The Federal Circuit Revisits Minerva Surgical

JurisdictionUnited States,Federal
Law FirmBaker Botts
Subject MatterIntellectual Property, Patent
AuthorMr Keith Jurek
Published date10 January 2023

Assignor estoppel is an equitable doctrine that can amount to an implied warranty of validity to prevent an assignor from assigning the rights to a patent ' such as to an employer or an acquiring company ' for value, and then later assert invalidity of the patent as a defense in a subsequent patent infringement suit. If the assignor were permitted to later assert that an assigned patent or patent application is invalid and unenforceable, the assignment would be ineffective as the assignor would have knowingly transferred little of value. The doctrine is rooted in 'an idea of fair dealing' between the parties. Minerva Surgical Inc. v. Hologic, Inc. 141 S.Ct. 2298, 2302 (2021).

In Minerva Surgical, Inc., the Supreme Court affirmed the ongoing application of the doctrine, but limited its use to 'when an invalidity defense in an infringement suit conflicts with an explicit or implicit representation made in assigning patent rights.' 141 S.Ct at 2311. In so doing, the Supreme Court did not appear to disturb existing precedent related to other proceedings, such as Federal Circuit precedent permitting an assignor to challenge a patent via inter partes review. Hologic, Inc. v. Minerva Surgical, Inc., 957 F.3d 1256, 1266 (Fed. Cir. 2020) (Hologic I). Similarly, an assignor can be permitted to 'argue for a narrow claim construction, or that the accused devices are within the prior art and therefore cannot infringe.' Mentor Graphics Corp. v. Quickturn Design Systems, Inc., 150 F.3d 1374, 1380 (Fed. Cir. 1998).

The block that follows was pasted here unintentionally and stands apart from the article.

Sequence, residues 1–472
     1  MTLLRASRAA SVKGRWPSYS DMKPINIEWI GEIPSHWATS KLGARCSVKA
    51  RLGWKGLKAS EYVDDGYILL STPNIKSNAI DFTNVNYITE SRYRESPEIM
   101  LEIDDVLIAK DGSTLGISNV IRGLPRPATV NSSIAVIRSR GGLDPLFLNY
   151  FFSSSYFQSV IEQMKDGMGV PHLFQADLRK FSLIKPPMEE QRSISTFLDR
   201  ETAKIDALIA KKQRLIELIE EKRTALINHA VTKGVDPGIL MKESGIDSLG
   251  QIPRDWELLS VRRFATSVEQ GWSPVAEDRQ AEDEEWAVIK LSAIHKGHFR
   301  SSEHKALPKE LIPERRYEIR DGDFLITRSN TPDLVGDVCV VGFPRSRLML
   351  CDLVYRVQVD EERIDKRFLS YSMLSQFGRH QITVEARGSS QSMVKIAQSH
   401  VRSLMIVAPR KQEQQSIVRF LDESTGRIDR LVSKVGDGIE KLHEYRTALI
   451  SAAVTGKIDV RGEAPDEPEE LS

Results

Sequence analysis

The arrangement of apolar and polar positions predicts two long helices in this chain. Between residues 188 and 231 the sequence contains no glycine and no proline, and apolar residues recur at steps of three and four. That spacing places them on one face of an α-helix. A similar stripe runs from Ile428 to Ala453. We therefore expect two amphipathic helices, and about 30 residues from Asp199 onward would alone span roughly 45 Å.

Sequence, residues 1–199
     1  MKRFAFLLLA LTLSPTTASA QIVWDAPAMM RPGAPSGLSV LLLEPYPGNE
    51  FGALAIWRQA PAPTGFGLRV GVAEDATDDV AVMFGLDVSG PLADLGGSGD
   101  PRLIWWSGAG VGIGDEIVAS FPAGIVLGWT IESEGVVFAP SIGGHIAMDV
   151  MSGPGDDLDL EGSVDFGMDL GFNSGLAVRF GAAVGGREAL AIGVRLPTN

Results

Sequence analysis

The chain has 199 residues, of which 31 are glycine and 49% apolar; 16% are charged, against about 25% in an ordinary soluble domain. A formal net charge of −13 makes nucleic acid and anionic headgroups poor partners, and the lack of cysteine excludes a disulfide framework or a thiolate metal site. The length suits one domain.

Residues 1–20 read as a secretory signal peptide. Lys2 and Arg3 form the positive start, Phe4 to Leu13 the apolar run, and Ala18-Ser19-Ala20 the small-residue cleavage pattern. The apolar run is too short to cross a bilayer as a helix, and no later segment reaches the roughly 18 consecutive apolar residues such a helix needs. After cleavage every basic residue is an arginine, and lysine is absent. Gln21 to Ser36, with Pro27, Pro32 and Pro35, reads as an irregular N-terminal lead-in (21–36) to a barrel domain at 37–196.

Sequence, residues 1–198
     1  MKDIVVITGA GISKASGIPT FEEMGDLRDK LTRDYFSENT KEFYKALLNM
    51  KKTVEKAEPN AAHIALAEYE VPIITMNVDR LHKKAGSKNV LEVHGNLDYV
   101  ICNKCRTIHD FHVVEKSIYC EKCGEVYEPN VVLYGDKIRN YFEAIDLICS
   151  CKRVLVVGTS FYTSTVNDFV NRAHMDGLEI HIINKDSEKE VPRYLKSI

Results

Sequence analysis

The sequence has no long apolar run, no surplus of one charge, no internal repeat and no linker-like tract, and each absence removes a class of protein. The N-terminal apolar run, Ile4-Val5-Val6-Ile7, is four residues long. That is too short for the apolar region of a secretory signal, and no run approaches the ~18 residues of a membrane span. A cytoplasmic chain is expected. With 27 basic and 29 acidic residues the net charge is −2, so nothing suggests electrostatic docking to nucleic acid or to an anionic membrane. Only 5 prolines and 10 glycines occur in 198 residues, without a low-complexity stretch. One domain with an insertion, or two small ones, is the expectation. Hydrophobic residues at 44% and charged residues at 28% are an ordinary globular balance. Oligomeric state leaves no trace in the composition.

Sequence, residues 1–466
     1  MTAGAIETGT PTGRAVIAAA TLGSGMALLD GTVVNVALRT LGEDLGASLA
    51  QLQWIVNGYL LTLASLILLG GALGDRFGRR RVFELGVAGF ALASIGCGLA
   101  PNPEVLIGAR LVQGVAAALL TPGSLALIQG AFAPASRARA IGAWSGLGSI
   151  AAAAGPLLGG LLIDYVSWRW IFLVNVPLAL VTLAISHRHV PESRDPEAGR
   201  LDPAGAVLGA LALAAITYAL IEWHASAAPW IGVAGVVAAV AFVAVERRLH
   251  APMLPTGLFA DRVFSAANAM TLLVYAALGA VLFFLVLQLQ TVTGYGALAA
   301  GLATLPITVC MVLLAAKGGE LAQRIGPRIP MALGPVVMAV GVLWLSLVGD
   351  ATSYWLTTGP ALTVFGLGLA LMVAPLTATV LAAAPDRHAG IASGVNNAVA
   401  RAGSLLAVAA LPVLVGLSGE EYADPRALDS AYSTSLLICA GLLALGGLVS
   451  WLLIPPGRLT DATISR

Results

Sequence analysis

To add clarity to when the doctrine does and does not apply, the Court discussed scenarios meant to facilitate understanding of the boundaries of the doctrine. A common theme among these scenarios is that the assignor would not have been able to make representations about the validity of the patent claims that later became the subject of a dispute. For example, assignor estoppel may not apply where the assignment occurred before the invention existed or the inventor sees the patent document, such as a blanket statement in an employment agreement. Minerva Surgical Inc., 141 S.Ct at 2310. Assignor estoppel also may not apply where a change in law after the assignment renders the patent invalid or the warranty ineffective. Id. Finally, assignor estoppel may not apply where the scope of the patent claims 'go beyond 'what the assignor intended' to claim as patentable' such as when the scope is 'materially broadened' after the assignment by the new owner. Id. (quo...

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